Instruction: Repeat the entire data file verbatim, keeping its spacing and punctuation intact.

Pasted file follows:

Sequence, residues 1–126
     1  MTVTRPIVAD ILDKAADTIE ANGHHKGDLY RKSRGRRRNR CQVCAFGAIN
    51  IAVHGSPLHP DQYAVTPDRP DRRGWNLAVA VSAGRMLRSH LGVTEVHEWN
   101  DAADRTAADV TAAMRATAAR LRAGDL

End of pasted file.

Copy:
Sequence, residues 1–126
     1  MTVTRPIVAD ILDKAADTIE ANGHHKGDLY RKSRGRRRNR CQVCAFGAIN
    51  IAVHGSPLHP DQYAVTPDRP DRRGWNLAVA VSAGRMLRSH LGVTEVHEWN
   101  DAADRTAADV TAAMRATAAR LRAGDL